Compatibility and Connectivity

Stephen DeAngelis

July 20, 2006

Yesterday Microsoft announced that its new Vista operating system, which is scheduled to be released next year, will be more competitor friendly. Although this kinder, gentler Microsoft is the result of numerous lawsuits and large fines (like $357 million EU fine announced recently), the result is likely to make Microsoft more resilient. According to an article in today’s Washington Post [“Microsoft to Open Vista to Competitors’ Software,” by Sara Kehaulani Goo]:

Microsoft outlined a dozen “guiding principles” yesterday to show that it will comply with demands from government regulators here and abroad who are closely monitoring Vista. … “It’s good that Microsoft is coming out with explicit statements of how they’re going to behave,” said Chris Swenson, director of software industry analysis at NPD Group Inc. But he noted that legal and regulatory issues are forcing Microsoft to “play by different rules” than in the past, when the company was more aggressive about dominating competitors. Eight of the 12 principles outlined by the firm are already requirements resulting from the Justice Department’s antitrust lawsuit against Microsoft, which was settled in 2001. Several of the requirements expire next year, but Microsoft said it planned to continue with them. A spokeswoman for the Justice Department said yesterday that Microsoft’s announcement “indicates that the principles of the judgment will continue to benefit software developers, computer manufacturers and consumers into the future.”

There are several reasons I say that Microsoft will be more resilient as a result of adopting this new strategy. First, it means Microsoft will likely remain a powerhouse in most markets (it risked losing the European market). Second, by clearly stating the rules by which it will play, it becomes a more trustworthy company. FInally, by making its products more compatible with others they become more attractive to consumers. Microsoft, simply because it is such a behemoth, will continue to be a target (like its retail twin Wal-Mart) by those disaffected by globalization.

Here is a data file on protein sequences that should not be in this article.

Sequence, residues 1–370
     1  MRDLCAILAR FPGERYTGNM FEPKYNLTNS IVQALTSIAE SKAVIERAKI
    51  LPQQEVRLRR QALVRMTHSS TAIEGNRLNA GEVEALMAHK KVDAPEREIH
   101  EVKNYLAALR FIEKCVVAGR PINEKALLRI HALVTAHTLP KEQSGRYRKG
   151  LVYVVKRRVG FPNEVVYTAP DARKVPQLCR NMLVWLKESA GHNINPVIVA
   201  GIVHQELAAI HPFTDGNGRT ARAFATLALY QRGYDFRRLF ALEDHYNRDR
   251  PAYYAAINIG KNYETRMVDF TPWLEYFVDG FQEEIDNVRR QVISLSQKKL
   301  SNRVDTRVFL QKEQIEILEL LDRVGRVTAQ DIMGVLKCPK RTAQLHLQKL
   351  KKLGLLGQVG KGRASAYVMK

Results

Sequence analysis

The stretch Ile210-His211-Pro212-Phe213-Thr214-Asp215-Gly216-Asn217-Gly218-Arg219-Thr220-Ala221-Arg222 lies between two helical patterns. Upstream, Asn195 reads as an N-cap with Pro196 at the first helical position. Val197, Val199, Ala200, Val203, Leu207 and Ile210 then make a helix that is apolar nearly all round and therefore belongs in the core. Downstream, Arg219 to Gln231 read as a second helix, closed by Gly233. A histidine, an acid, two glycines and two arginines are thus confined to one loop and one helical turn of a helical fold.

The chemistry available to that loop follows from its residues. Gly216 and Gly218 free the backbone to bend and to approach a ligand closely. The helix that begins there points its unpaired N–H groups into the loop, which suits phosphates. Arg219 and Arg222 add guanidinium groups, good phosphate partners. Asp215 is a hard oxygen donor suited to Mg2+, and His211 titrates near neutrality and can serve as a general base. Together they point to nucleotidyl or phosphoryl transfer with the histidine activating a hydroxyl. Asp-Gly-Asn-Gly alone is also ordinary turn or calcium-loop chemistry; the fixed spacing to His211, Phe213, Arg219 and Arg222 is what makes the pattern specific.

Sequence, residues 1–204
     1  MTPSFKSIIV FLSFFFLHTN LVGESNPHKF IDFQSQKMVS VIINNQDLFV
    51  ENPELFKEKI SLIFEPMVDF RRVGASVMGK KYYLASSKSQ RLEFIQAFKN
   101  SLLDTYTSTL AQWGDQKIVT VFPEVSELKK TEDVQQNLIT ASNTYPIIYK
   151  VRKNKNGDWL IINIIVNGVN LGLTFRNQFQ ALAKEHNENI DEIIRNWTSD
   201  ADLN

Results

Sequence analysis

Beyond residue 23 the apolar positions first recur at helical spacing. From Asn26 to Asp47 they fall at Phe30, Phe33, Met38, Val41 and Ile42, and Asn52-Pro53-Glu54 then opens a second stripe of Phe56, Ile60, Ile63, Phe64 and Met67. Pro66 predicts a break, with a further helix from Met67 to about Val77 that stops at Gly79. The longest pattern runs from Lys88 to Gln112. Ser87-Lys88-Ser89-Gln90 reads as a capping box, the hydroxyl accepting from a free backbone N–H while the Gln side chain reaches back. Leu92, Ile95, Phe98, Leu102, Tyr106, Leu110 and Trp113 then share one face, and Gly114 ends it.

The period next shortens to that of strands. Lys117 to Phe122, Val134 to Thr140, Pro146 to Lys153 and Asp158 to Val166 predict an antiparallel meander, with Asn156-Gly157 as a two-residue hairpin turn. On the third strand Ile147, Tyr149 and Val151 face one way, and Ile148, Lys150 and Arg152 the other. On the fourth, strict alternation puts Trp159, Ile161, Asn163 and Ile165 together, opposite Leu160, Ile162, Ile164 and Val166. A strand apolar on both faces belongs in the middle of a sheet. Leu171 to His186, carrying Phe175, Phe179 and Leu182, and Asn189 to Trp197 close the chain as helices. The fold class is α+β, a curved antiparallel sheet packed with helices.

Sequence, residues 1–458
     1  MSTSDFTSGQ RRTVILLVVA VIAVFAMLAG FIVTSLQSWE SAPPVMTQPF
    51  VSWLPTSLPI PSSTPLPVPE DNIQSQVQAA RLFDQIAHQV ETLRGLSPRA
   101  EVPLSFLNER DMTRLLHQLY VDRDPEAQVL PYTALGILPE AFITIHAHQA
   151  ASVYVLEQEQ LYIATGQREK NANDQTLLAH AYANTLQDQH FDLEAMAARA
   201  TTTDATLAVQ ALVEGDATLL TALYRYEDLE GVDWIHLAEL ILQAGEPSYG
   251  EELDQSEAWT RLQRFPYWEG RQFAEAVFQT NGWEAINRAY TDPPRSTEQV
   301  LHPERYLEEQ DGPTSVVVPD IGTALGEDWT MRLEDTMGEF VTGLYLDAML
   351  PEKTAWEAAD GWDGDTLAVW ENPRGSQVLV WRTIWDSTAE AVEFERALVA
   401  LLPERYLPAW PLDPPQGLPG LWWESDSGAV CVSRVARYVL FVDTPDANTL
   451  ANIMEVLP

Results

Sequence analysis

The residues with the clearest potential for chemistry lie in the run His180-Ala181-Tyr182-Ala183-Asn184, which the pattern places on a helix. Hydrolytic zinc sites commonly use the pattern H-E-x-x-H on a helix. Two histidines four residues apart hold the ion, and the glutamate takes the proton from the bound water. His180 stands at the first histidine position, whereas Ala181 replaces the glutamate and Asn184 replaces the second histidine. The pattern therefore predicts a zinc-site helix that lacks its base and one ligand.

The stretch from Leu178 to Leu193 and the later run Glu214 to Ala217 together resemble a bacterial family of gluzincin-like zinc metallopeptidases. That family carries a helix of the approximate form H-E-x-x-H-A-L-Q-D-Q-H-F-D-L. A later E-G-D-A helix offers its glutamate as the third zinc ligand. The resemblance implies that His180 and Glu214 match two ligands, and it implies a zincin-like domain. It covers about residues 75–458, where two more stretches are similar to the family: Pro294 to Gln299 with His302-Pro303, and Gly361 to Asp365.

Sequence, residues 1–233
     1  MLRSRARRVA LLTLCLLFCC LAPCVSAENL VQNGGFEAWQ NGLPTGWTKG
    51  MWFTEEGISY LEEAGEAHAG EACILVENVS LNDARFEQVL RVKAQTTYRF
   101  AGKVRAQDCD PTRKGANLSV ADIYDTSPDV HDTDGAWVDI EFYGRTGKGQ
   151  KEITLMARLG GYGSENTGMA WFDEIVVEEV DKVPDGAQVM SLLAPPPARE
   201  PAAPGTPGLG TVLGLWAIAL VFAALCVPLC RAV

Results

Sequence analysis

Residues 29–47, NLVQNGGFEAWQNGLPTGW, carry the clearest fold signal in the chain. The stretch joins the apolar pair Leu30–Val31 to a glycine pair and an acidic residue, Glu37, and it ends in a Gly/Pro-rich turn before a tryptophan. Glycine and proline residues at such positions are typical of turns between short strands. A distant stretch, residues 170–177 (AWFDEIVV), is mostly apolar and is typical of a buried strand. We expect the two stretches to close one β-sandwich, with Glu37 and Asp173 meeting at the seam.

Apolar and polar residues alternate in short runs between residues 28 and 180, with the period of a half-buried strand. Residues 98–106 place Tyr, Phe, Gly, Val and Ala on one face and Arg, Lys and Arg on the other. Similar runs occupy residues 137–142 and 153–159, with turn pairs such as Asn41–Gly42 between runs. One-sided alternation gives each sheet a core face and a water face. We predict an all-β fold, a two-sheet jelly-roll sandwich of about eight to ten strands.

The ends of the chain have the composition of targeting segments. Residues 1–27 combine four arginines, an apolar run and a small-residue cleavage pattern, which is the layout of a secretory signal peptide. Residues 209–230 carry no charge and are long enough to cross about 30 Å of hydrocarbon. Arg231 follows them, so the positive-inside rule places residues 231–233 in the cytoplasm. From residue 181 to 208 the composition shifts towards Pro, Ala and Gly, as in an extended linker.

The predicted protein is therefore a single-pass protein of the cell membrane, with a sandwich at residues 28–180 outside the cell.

“This is part of a very effective Microsoft charm offensive,” [Ken Wasch, president of the Software & Information Industry Association, which has been critical of Microsoft’s practices], said. As long as Microsoft continues to sell its operating system with its own browser and media player, “there’s no economic incentive” for a PC manufacturer to bundle Vista with a competitor’s products, Wasch said. “They get no pricing differential.”

Wasch notes that Microsoft will continue to wield tremendous power simply because its products are so ubiquitous. As a businessman, I’m sympathetic with Microsoft’s arguments that making things easier for competitors makes no business sense. However, as a futurist and supporter of globalization, I also understand that Microsoft’s brutish behavior tended to stifle the innovation required to coax the greatest possible benefits from IT systems. One can’t blame Microsoft for wanting to capture as much marketshare as possible, but having been as successful as it has been is one of the reasons that computer viruses are a big problem for PCs but not for Macs. Microsoft has made it easy for those with nefarious plans to concentrate on a single operating system. That probably won’t change anytime soon. Nevertheless, in the long run, Microsoft’s new strategy should prove to be a win-win situation for the company.